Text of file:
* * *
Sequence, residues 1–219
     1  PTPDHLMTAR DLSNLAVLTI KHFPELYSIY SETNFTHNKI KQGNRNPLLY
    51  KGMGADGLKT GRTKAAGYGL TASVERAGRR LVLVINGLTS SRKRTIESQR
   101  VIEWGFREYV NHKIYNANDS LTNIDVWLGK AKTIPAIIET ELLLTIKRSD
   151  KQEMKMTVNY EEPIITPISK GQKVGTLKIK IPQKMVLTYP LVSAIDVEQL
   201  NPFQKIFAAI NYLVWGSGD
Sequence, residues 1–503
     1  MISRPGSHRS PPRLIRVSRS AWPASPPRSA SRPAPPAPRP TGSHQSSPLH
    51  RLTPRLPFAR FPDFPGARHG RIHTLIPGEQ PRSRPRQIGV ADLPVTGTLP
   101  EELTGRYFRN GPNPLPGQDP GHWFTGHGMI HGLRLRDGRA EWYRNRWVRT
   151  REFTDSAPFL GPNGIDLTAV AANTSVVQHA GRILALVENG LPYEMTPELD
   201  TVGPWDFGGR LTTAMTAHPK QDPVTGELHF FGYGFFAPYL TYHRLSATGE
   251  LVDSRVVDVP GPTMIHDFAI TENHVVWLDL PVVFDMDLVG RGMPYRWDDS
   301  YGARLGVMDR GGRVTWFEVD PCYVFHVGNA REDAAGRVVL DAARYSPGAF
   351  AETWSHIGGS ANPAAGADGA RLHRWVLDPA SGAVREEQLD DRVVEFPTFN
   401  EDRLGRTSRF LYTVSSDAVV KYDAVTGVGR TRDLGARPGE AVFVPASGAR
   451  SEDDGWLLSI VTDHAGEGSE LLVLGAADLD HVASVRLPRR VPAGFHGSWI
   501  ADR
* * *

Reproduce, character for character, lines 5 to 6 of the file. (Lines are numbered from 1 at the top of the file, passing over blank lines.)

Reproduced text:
   151  KQEMKMTVNY EEPIITPISK GQKVGTLKIK IPQKMVLTYP LVSAIDVEQL
   201  NPFQKIFAAI NYLVWGSGD